The norm-derived age and education adjusted cutoff scores of the HK-MoCA were based on a previously validated study of cognitively normal people aged 65 years or above.6 As designed in Wong’s study,6

the subjects were stratified with age as the first level, followed by education as second level. Age was divided into 3 strata: 65 to 69, 70 to 79, and 80 years or above. Nested within each age stratum were five education strata of 0 to 3, 4 to 6, 7 to 9, 10 to 12, and more than 12 years, except that for the age stratum of age 80 or above. In the latter stratum, there were only two education strata of 0 to 6 and more than 6 years because of the relatively small sample size in this group.

From these, cutoff scores at 2nd, 7th, and 16th percentiles were described for the psychometric classification for major (2nd percentile) and mild (16th percentile) neurocognitive disorders in the Diagnostic and Statistical Manual of Mental Disorders 5th edition as well as Petersen's revised diagnostic criteria of MCI (7th percentile).8 Table 1 showed the norm-derived corrected cutoff scores of HK-MoCA6 (with permission).

Table 1 Age and Education Corrected Normative Data of Total Score of MoCA.6

Statistical Analyses

All statistical analyses were performed using the Statistical Package for the Social Sciences (SPSS) version 23.0 and a p-value <0.05 was considered statistically significant. Continuous data were presented as mean and standard deviation while categorical data were shown as frequencies and percentages. Demographic and the HK-MoCA total scores among the three groups were analyzed by one-way analysis of variance (ANOVA), Fisher’s exact test or chi-squared test, as appropriate.

The HK-MoCA total scores of the 315 subjects were evaluated using different cutoffs. Norm-derived age and education adjusted cutoff scores were at 16th, 7th, and 2nd percentiles. Comparison was made with the single cutoff of 21/22 for MCI and cognitive impairment and 18/19 for dementia. These single cutoff values were validated in a local study4 using inherent simple education adjustment of adding one point to subjects with six or fewer years of formal education. Using expert diagnoses as reference, classifications of participants’ performance by single or age and education adjusted cutoff scores were described as consistent when it was agreed with expert diagnoses. A false negative was defined when a participant who was diagnosed as impaired by an expert but classified as unimpaired by the tested cutoff scores. A false positive was defined when a participant was diagnosed as unimpaired by expert but impaired by the tested cutoff scores. Sensitivities and specificities were shown to describe the diagnostic ability of various methods of cutoff in identifying MCI, dementia and cognitive impairment. Area under curves (AUC) were compared to distinguish which cutoff method had higher diagnostic power. For those inconsistent cases, portions of false negative and false positive were explored.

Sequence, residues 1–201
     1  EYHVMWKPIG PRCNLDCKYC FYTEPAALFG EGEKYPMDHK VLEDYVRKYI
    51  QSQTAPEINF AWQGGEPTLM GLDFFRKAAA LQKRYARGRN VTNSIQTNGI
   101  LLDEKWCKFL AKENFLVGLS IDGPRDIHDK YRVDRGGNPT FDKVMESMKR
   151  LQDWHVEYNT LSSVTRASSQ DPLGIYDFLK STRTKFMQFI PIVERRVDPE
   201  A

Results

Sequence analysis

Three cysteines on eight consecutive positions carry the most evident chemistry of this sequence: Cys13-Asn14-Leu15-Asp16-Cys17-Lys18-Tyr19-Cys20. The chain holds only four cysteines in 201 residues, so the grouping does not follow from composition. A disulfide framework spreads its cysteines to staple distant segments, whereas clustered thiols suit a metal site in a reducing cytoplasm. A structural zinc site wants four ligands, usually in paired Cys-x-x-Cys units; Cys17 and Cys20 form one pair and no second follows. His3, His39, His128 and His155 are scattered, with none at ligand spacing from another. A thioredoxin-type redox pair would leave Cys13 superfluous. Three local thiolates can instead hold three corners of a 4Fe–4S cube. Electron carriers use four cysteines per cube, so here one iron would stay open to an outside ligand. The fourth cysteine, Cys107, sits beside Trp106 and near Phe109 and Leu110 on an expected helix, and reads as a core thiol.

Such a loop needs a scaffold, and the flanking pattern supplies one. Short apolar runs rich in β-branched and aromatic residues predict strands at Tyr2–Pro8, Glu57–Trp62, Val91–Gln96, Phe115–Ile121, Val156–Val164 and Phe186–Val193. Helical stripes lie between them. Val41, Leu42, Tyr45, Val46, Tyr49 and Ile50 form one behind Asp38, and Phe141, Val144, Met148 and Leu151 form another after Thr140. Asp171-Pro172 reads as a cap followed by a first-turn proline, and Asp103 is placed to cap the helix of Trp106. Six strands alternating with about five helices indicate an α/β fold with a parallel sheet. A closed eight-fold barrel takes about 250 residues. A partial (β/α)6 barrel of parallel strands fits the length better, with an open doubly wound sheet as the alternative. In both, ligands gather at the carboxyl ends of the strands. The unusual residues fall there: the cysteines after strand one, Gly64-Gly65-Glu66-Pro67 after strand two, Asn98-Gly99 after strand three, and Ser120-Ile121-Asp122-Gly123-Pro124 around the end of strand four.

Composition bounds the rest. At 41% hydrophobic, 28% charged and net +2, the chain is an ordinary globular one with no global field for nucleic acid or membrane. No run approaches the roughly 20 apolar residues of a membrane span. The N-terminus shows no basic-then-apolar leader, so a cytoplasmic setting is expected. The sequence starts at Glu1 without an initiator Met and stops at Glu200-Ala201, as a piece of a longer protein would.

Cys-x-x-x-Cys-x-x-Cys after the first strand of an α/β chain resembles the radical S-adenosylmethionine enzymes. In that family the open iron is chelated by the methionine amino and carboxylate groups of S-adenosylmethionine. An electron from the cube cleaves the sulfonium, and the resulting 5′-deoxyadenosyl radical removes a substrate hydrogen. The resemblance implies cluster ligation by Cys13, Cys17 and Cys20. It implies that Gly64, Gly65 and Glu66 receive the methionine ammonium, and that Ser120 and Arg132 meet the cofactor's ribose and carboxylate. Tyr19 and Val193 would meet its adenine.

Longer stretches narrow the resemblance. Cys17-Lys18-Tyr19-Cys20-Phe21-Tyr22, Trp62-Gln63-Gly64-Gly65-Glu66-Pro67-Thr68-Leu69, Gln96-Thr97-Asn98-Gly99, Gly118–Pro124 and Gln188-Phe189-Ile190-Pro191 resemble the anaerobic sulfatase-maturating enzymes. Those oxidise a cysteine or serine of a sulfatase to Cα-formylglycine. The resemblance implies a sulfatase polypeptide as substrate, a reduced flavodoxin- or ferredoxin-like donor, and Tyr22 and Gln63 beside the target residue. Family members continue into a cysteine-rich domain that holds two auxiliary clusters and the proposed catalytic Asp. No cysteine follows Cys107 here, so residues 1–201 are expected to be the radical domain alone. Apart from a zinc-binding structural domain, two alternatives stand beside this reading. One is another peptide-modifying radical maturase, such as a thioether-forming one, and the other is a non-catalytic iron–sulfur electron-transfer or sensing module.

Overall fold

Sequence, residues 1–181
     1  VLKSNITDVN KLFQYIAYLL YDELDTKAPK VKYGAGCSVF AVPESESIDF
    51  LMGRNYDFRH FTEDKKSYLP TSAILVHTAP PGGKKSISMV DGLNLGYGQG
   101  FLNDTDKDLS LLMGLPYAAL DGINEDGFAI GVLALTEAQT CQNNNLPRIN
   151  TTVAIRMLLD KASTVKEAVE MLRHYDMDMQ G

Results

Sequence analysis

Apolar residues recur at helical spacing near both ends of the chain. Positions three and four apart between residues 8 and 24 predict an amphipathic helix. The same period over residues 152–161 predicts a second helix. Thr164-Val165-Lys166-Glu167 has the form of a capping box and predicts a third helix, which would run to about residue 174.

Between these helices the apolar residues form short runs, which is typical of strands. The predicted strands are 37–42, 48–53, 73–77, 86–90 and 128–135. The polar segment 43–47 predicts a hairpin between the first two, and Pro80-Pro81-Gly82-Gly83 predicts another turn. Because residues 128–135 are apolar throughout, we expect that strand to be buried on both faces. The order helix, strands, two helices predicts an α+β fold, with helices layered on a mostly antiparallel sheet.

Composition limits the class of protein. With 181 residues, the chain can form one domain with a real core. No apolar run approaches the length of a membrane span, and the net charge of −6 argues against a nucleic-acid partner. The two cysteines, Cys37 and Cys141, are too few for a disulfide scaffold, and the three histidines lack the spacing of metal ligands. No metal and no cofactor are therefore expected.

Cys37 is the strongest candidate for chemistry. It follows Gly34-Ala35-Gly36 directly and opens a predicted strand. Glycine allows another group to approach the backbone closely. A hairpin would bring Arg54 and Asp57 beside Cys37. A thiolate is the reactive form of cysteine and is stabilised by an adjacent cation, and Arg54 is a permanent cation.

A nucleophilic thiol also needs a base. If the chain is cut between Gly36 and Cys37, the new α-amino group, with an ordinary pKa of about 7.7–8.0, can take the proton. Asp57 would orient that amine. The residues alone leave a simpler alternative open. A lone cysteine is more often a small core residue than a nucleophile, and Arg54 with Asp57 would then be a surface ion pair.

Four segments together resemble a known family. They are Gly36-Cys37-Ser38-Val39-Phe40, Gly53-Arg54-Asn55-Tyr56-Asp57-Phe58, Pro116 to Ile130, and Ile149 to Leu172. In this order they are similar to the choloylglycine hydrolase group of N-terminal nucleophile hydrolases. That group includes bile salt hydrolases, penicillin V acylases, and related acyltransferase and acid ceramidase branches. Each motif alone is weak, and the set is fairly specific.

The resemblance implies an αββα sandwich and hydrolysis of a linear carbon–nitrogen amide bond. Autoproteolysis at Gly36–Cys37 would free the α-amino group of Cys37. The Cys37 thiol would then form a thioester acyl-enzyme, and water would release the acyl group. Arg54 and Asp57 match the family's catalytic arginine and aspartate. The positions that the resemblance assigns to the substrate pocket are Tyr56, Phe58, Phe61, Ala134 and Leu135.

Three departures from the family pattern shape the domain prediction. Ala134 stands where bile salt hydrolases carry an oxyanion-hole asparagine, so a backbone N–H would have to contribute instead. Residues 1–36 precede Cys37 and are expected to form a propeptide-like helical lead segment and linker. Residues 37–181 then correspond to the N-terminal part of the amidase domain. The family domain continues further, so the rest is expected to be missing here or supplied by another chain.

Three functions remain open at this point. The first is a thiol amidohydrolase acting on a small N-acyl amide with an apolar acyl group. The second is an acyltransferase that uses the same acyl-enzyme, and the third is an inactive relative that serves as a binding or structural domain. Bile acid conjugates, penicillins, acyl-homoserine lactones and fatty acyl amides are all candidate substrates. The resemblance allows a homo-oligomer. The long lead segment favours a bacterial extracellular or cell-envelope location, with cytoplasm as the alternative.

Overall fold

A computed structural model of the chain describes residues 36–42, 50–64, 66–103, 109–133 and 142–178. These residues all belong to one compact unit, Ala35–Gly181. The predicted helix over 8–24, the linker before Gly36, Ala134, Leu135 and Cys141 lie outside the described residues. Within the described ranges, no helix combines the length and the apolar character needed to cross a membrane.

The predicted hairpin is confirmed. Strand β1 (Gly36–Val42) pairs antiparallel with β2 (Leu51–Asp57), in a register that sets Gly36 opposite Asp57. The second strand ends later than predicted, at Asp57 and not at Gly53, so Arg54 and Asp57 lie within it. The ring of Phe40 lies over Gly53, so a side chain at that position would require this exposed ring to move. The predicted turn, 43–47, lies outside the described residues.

Demographic characteristics and HK-MoCA scores for the three cognition groups were summarized in Table 2. Based on expert diagnoses, the study sample included 65 cognitively normal controls, 122 MCI, and 128 subjects with dementia. Of all the subjects with dementia, 50.0% had Alzheimer’s disease, 16.4% had vascular dementia, and the remaining 33.6% had dementia of mixed etiology. Fifty-seven percent of recruited subjects were females. The mean (±SD) age of all subjects was 77.32±7.96 years and among which 136 subjects (43.2%) were ≥80 years old. Another 122 subjects (38.7%) were between 70 and 79 years of age and the remaining 57 (18.1%) were younger than 70. Regarding their education status, 156 (49.5%) subjects were illiterate or received three years or less, 69 (21.9%) received four to six years, 42 (13.3%) had seven to nine years, 28 (8.9%) achieved 10 to 12 years, and only 20 (6.4%) had more than 12 years of education. The mean years of education achieved were 4.79±4.70 and 71.4% of the subjects received only primary or below formal education.